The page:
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The secret life of the 'Print Screen' key in Windows
technofile  by al fasoldt

Columns and commentaries in a life-long dance with technology
Simple gray rule


The secret life of the 'Print Screen' key in Windows


Technofile for Sept. 12, 1999

By Al Fasoldt

Copyright © 1999, The Syracuse Newspapers

What's that "Print Screen" key on my PC do? It doesn't print the screen. Why is it on the keyboard if it doesn't have any function?

I get a question like this every few months. The answer has two parts. I'll keep both of them simple.

Print Screen's first function:

The Print Screen key (labeled "PrtScn" or something equally cryptic on some keyboards) does print the screen. Maybe. If a printer is hooked up to your computer and it's working properly in MS-DOS, the Print Screen key tells the printer to print out whatever is on the screen.

This first function works only in DOS. If you never use DOS -- most PC users these days don't - you can skip right to the second function, explained below. If you do use DOS, pay attention to the next paragraph. It can save you a lot of frustration.

Most PCs in use these days are Windows PCs. Windows is able to run DOS itself or DOS programs in a window on the screen. Listen up: This is NOT what I mean by using the Print Screen key in DOS. What I mean is shutting down Windows and booting up with nothing but a black screen that has a so-called command prompt at the bottom. That's a DOS bootup. That's when your Print Screen key will work to send the contents of the screen to the printer.

Maybe. DOS has to know the printer is there. It has to know how to deal with the printer. If you have an old-fashioned printer, DOS probably can deal with it this way. Otherwise, you'll get nothing at all when you boot up into DOS and hit the Print Screen key.

Suppose you actually have DOS running in a window. What happens when you press the Print Screen key then?

Usually, you get the second function. (See below.) But you can try to get the first function to work by changing the properties of the DOS window. Click the Properties toolbar button in the DOS window (third from the right), click Misc and uncheck PrtSc. That tells Windows to let the Print Screen keypress come through to the DOS window, so that DOS can do what it wants with it. (Usually, it won't do anything, because it won't know how to deal with the printer, but you can go into the printer setup, through the Control Panel, and tell Windows that you print from DOS. That might make it work, but don't count on it.)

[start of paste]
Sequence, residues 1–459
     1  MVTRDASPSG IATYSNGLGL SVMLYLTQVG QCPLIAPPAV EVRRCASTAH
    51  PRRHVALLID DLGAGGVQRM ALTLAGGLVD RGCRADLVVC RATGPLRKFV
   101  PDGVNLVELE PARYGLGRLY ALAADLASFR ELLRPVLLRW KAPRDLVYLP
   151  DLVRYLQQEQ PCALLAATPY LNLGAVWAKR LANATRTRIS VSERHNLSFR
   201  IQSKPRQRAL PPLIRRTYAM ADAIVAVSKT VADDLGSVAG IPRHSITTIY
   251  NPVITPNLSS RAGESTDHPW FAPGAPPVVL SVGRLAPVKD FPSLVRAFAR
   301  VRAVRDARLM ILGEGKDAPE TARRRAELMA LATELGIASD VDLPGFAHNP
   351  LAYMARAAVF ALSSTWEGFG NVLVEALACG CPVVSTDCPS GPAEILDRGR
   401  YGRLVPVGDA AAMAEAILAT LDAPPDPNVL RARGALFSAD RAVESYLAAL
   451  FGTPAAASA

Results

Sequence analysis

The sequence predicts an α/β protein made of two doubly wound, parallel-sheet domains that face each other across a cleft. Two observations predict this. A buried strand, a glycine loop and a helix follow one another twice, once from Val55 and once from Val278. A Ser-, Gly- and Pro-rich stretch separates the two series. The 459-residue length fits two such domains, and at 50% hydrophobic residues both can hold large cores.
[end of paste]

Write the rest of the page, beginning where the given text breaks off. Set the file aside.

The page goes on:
Print Screen's second function:

This is much better than the first part. And it always works. When Windows is running, pressing Print Screen creates an image of the entire screen and puts it into the clipboard. (The Windows clipboard is a hidden area where something you have just copied is stored.) This image can be pasted into all kinds of documents into a WordPad document, for example. Or into Paint or Word 97 or any graphics program. (Press Ctrl-V to paste, if you're not sure how.)

Try it using WordPad. (WordPad is under Accessories in the Start menu if you're looking for it.) The image pasted into WordPad is an exact replica of your screen. You can save it or print it or select it (click on it) and copy it to use somewhere else. (Ctrl-C to copy it once it's selected.)

And it gets better. Open up something interesting a good Web page in your browser, maybe and click inside that window. Hold the Alt key down and press Print Screen. Then do the paste the way you did it before. This time you get just the top window. The image that's captured shows only the foreground window.

One thing to remember: The clipboard can hold only one thing at a time. You have to paste whatever you stored before you use the Print Screen key again. If this is a problem, look around for a clipboard utility program there are some good free ones or resign yourself to struggling with the one that Microsoft created many years ago called Clipbook. It's on the Windows CD-ROM.


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